Selling an adapter is strange, because we’d be doing a disservice by suggesting it’s necessary, and it’s also not very appealing to have to buy an add-on. I’m still struggling to find a single 4K UHD rip that warrants this.
It’s only beneficial if you use userspace shares which have overhead. Even then, it’s still not always necessary, and we have some upcoming changes to significantly improve the performance of Kodi based shares.
Your feedback however is appreciated. I am aware that Fast Ethernet (100Mbps) is a huge put off for customers. Sadly sometimes marketing is about ticking a box without it meaning a lot.
I am very encouraged to hear you say that you do not think gigabit ethernet is needed. I would certainly bow to your wisdom here and would prefer to use the built in port despite having bought the USB adapter.
However, the reason I assumed I needed the adapter was post 2 in this thread:
where @fzinken says “Any file above 86Mbit average bandwidth will not be able to be played via Ethernet unless you get a USB Gigabit dongle”
One of the first UHDs I ripped was The Hitmans Bodyguard. Running media-info on the resulting m2ts, the average bitrate is reported as 89.5Mb/s, which is of course above the 86 threshold mentioned above. So straight up I thought I had a film which would not work over the built in ethernet port. I guess I have misunderstood something though…
ID : 0 (0x0)
Complete name : The Hitmans Bodyguard (2017)/The Hitmans Bodyguard (2017).m2ts
Format : BDAV
Format/Info : Blu-ray Video
File size : 74.0 GiB
Duration : 1 h 58 min
Overall bit rate mode : Variable
Overall bit rate : 89.5 Mb/s
Maximum Overall bit rate : 109 Mb/s
@encdpnew, my 86Mbit was a bit conservative I guess your 89 Mbit also plays fine if you use fstab based mounting.
Generally I suggest to use NFS instead of Samba if you have rips that are close to 100 Mbit.
many thanks @fzinken and @bmillham . Good to know 86 is not necessarily a hard threshold.
It’s good advice too to try and lower the bitrate with paired down mkvs. I actually own a MakeMkv license (and in fact use it to get the m2ts files). In my case though it was quite a considered decision to archive my UHDs as m2ts. In case anyone interested:
Full compatibility of HD audio with Sony Blu-ray players. Even my 4K x700 Player will only play Dolby TrueHD in m2ts, not mkv. I think blu-Ray players are underrated clients for lossless disc files - resolution switching, colour space switching, HD audio, impeccable image quality - so I’d like to keep this option as it has worked robustly for the last 10 years of my Sony players.
I think more chance of Dolby Vision working in the future, as the m2ts is the untouched original stream (and you can see the DV data in there as a second video track). May never work (may require full backup of whole disc) but it definitely won’t work with current mkvs, which strip the DV data away.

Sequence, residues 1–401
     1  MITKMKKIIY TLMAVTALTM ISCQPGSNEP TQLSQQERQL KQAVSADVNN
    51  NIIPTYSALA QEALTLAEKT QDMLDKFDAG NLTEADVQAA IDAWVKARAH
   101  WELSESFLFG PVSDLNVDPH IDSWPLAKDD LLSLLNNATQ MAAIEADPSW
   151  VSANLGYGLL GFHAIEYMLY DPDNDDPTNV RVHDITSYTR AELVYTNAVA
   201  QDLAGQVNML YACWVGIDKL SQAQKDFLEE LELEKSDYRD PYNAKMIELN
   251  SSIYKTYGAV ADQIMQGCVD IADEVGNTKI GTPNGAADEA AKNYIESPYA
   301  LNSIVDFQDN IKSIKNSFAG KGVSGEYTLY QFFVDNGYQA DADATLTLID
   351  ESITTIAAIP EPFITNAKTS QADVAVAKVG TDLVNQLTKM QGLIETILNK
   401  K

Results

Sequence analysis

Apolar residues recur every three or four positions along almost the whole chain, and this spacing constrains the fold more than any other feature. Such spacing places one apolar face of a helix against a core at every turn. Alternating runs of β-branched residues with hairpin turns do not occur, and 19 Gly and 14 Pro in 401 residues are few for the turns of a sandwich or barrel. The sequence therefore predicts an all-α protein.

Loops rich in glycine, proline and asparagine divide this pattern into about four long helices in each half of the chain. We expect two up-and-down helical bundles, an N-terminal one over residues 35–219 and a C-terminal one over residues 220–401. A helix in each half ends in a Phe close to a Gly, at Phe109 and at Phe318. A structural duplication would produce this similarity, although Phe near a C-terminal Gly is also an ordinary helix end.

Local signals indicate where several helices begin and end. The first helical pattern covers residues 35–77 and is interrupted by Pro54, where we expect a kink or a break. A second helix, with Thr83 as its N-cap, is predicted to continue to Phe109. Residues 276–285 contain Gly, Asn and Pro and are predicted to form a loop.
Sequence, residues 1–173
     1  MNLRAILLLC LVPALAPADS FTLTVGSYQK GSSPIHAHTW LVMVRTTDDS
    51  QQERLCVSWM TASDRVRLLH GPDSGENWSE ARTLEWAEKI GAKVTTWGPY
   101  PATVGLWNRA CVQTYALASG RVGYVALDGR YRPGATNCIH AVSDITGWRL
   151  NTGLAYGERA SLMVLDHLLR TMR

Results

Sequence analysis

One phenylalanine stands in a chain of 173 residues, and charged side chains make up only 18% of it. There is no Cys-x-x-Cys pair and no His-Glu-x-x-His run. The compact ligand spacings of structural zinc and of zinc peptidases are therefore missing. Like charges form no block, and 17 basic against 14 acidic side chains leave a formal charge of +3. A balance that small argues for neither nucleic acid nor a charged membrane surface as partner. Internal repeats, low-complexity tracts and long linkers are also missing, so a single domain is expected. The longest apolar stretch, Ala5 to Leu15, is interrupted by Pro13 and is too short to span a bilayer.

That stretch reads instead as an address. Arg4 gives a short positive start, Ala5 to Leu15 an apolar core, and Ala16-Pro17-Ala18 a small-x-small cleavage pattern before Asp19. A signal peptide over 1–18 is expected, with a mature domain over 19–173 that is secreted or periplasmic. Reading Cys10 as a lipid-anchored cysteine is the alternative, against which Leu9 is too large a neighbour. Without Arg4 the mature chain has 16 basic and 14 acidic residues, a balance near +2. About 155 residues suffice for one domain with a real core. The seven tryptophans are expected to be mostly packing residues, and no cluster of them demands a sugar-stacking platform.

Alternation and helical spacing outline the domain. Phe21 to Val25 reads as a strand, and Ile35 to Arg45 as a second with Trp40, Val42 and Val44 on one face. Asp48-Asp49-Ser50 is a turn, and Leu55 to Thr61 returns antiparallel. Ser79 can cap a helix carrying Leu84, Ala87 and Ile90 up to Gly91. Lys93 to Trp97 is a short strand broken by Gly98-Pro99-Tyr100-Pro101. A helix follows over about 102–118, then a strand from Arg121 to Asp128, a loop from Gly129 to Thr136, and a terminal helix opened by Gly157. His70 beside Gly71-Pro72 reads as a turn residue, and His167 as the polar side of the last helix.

Can always convert m2ts to paired down mkv in future but obviously can not go back to untouched m2ts from mkv
Now, as it happens during setting up my system I did rip an mkv of this same film with just the Dolby Atmos and core audio saved. I just checked and - very interestingly - the bitrate of that file is considerably lower more like 76Mb/s (and the file is just 64ishgb IIRC). Since the extra AC3 audio tracks in the m2ts do not account for ~10 extra gb I think what is going on might be the Dolby Vision data. Does show though how effectively the bitrate could be lowered with mkvs. I’ll be getting hold of Force Awakens soon (another DV disc) and curious now to see if it is the same.
Anyhow, when the Vero 4K arrives later today I will try the built in ethernet port and watching the Hitmans Bodyguard start to finish and report back. While my instinct is to just use the USB adapter due to the very small amount of headroom, I’d be interested and happy to try and help prove Sam right. There’s not enough posts of people confirming it does actually work over 100 ethernet.
Hi - sorry for delay - I discovered that my fileserver was not up to scratch for serving 4K media (an old MacBook Air with USB 2.0 ports). Long story short - I have now upgraded to a Synology 2 disk NAS (RAID 0), which I’ve been meaning to do for a while. It has superb read/write speeds that saturate my gigabit LAN network.
In limited testing so far - it seems to play the 4K lossless m2ts mentioned above just fine, using the built in ethernet port. It is reading from the Synology using nfs and /etc/fstab. I’ve only watched 10 mins so far but they were seamless
Unfortunately an issue has arisen with colour banding. @sam_nazarko I am using your suggestion of adding the line:
However, the 4K m2ts (Hitmans Bodyguard) above displays very clear banding, which is not present when playing the same file (via DLNA) on my Sony X700 4K blu-ray player (I’d be happy to send 2 comparison pictures). Both are connected to the receiver (i.e. same HDMI input on TV) with identical receiver settings (all AVR picture processing is bypassed and Enhanced HDMI is enabled).
So the Vero 4K is incorrectly handling this 4K rip (using the 444 10 bit setting), where as the Sony Blu-ray player is not. I was wondering if you have a suggestion of a different setting? I appreciate automatic switching isn’t ready yet but I’d be keen to verify the Vero can play these files correctly (with no banding), i.e. like my blu-ray player, even if I have to manually set it.